Customer service consolidates on the Web

Specialized vendors offering email, online chat, and voice software for Internet retailers feel the pinch to unify services as customer support becomes increasingly critical.

2 min read
Companies selling the technology that links retailers to their customers via email, online chat, and soon, voice, are consolidating at a rapid clip to better meet the growing customer service needs of Internet retailers.

E-retailers industrywide are realizing that to keep a customer is cheaper than to acquire a new one (See related story.) And as service has become more critical, retailers are demanding product suites that will help them interact with customers online via such self-help features as frequently asked questions (FAQs), email, real-time chat, and eventually voice.

Consolidation is the logical route for smaller, specialized firms seeking to provide one-stop shopping for customers, which are often start-ups seeking fewer service headaches.

The wave of consolidation began rippling through the industry in February, with the merger of BaliSoft, which sold self-service and email products, and ServiceSoft, which marketed voice and data management software. The new company, called Servicesoft Technologies, became perhaps the first company to offer a suite.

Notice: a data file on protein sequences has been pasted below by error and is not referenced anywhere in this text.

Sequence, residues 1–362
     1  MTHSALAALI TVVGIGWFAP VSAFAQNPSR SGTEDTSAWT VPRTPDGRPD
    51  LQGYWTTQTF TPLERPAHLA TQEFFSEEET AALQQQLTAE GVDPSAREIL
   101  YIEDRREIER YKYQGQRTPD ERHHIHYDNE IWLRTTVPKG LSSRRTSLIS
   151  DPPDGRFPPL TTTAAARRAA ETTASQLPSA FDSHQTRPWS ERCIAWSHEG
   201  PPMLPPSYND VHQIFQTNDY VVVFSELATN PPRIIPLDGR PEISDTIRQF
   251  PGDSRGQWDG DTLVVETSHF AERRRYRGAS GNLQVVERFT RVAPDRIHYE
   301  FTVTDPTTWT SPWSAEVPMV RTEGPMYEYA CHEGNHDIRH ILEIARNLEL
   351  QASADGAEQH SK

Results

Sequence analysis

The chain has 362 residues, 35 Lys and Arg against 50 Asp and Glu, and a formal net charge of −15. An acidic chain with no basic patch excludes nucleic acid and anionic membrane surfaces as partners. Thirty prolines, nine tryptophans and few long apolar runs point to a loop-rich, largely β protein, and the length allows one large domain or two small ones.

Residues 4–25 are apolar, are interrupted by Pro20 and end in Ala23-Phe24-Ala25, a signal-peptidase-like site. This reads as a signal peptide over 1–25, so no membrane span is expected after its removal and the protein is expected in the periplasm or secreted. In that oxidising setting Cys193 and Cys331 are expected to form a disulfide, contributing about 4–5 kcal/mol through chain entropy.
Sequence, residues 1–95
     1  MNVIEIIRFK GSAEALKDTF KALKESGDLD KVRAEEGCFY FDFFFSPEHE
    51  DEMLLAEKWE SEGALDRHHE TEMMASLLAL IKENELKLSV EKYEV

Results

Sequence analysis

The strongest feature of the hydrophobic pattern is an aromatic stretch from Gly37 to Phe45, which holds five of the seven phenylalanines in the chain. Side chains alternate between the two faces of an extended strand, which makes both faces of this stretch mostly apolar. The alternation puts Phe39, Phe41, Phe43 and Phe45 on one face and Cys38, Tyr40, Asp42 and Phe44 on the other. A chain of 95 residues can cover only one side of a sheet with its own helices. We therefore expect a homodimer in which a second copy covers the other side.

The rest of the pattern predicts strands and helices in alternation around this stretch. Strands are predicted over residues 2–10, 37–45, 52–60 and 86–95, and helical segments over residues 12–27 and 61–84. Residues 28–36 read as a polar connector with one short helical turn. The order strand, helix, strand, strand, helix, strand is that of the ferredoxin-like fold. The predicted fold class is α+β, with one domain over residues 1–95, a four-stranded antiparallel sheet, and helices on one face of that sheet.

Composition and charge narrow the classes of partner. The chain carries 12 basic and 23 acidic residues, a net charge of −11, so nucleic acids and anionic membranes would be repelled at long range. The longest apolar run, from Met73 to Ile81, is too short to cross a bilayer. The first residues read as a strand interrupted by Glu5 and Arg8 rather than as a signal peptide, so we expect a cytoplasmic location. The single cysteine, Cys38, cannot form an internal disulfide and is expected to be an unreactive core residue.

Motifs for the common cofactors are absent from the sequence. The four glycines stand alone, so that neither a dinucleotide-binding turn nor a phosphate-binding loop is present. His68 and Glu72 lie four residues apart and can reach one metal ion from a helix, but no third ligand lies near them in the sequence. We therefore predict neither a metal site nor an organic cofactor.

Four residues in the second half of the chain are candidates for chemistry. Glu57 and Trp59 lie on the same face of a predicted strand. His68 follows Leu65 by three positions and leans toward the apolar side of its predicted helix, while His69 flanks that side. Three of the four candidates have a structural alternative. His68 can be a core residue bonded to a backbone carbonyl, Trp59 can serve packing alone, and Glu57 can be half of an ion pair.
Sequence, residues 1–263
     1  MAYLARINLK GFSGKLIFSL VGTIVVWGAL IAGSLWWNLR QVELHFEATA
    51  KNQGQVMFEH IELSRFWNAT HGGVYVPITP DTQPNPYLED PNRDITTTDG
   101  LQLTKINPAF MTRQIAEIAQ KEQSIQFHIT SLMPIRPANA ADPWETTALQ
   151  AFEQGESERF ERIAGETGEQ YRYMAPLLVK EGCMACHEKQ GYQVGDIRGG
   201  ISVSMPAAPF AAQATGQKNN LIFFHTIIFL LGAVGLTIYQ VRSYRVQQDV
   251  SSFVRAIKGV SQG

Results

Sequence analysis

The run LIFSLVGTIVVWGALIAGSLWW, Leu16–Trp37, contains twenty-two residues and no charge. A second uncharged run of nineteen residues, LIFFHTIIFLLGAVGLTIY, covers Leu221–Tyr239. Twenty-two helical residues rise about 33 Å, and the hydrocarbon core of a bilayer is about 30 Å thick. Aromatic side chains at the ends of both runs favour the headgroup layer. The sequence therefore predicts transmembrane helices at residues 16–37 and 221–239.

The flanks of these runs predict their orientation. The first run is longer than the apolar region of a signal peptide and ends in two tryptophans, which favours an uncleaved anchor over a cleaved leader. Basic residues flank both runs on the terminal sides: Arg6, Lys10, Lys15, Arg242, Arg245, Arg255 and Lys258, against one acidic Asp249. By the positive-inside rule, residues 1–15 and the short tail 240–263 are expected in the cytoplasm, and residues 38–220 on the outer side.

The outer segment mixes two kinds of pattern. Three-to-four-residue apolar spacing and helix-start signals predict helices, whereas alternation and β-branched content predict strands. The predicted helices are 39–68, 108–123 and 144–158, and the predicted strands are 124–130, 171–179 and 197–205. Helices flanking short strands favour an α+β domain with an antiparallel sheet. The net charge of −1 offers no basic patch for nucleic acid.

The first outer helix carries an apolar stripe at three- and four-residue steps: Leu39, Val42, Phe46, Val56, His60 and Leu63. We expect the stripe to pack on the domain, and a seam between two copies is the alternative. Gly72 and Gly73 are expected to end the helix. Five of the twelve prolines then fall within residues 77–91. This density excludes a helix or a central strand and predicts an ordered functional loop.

That merger was quickly followed in May by email-management vendor eGain acquiring Web chat company Sitebridge, which offered technology for Web collaboration, telephone callback, and IP-based voice.

Then traditional "customer care" software vendors, which market software for telemarketing or customer support call centers, swooped into the consolidation party. Software-maker Melita acquired business-chat company eShare for 5.5 million Melita shares, today worth about $60 million.

"Consolidation is definitely the way the industry is headed," said Cormac Foster, an analyst with Jupiter Communications.

However, not everyone is going that route. Adding capabilities via acquisitions requires the challenge of integrating two different sets of technologies. Some companies such as customer service chat software maker Acuity and FaceTime Communications have opted to build their own suites because of the challenge.

While Web-based retailers can choose an Internet-based solution, brick-and-mortar players with established call centers face bigger hurdles.

"As soon as you want to integrate Web-based technologies with the voice infrastructure, you're talking about something much more complex," said Steve Robins, a senior analyst at Yankee Group.

That complexity is one reason FaceTime, which lacks any telephone capability, has stayed away from acquisitions.

Forrester Research analyst David Cooperstein expects traditional software players in customer care to join the acquisitions spree too.

"I expect big customer service [vendors] like Oracle and Siebel Systems to start picking up channel-specific plays," Cooperstein said.

Yankee's Robins concurs but says the old-line vendors must worry about their existing customers.

"Many traditional client-server or call-center vendors have not acted as quickly as they might," he said. That may be because they lack the skills to build Web-based systems and fear the impact that integration issues may pose for customers, he said.